The Asylum // 2012 // 90 Minutes // Rated R
Reviewed by Judge David Johnson // February 10th, 2012
One body, two heads, and 6,000 teeth.
The talented artisans over at The Asylum have cooked up another masterpiece. Starring such luminaries as Carmen Electra, Brooke Hogan, and Charlie O'Connell, 2-Headed Shark Attack combines incisive social commentary with overflowing bikini tops to produce an experience that is half as memorable as it is coherent.
Here's the play-by-play: a college class full of yahoos follow their moronic teacher (O'Connell) out onto the ocean for some kind of class at sea. But instead of learning and developing critical thinking skills, the students mainly lounge on the deck with their boobs hanging out and go jet-skiing. Little do they know their four easy credit hours are about to be threatened by a new kind of terrifying predator: a shark with two heads, which means double the smiling power!
Would it come as any shock to hear that a movie called 2-Headed Shark Attack is a steaming pile? This coming from someone with an abnormally elastic tolerance for contrived, corny creature features. But that elasticity can only stretch so far, and when a movie tries too hard to be schlocky and hip -- while also retaining all the deficiencies of the genre -- it's time to move on and do some quilting.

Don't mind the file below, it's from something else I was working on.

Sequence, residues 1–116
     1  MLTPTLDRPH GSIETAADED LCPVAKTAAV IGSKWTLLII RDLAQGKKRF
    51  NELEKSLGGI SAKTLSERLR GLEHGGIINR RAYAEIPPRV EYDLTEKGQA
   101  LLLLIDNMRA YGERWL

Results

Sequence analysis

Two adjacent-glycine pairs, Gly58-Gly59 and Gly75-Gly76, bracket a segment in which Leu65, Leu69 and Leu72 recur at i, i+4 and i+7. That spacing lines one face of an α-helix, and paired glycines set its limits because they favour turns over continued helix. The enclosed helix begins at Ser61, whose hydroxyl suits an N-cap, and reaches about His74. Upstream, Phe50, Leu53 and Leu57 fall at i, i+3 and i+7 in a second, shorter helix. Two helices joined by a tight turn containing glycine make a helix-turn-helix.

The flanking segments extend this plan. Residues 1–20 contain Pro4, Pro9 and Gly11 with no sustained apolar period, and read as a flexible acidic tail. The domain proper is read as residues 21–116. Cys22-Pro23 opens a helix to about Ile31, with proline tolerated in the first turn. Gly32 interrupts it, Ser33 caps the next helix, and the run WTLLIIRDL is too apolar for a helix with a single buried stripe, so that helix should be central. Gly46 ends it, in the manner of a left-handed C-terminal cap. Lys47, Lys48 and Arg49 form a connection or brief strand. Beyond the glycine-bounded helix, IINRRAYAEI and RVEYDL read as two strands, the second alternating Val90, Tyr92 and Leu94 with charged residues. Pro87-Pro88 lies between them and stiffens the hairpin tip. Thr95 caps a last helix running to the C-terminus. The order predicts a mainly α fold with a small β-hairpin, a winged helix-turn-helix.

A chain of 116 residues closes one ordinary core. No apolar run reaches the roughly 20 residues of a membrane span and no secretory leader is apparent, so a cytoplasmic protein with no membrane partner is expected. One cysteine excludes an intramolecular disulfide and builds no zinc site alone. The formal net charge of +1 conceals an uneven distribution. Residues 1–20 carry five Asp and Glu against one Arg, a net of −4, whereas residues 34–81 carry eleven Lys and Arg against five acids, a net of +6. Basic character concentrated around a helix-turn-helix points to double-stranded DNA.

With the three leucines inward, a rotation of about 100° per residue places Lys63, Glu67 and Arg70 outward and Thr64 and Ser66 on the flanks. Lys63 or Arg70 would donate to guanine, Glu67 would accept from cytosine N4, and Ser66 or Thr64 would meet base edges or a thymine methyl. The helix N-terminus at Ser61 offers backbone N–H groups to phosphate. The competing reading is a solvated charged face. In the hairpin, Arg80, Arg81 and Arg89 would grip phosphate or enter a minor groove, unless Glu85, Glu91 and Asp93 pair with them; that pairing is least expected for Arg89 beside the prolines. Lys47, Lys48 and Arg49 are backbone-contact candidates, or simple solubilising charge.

There's nothing here you haven't witnessed before in a multitude of similar low-budget monster ilk. Some attractive young twenty-somethings, systematically munched on by a poorly rendered attacker, eventually meets its end courtesy of a handy gas canister. Oh, the writers do toss in an earthquake as well, just to spice things up.
You won't care who lives or dies, but it will be obvious who's going to survive (hint: she's tall, untalented, and the daughter of a geriatric pugilist). Sadly, you won't even siphon enjoyment from these death scenes, thanks to some hectic editing and off-screen bloodletting. The filmmakers are faced with an unsavory dilemma: focus on the awful CGI shark or turn the camera toward the laughable stationary prop? It's an impossible choice, so they opted for option "C," which is "shake the camera around violently without purpose."
Standard-issue DVD: 1.78:1 anamorphic widescreen, 5.1 Dolby Digital, bloopers, and a making-of featurette.
Seek this out only if you're committed to keep Brooke Hogan gainfully
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Scales of Justice
Studio: The Asylum
* 1.78:1 Anamorphic
* Dolby Digital 5.1 Surround (English)
Running Time: 90 Minutes
Release Year: 2012
MPAA Rating: Rated R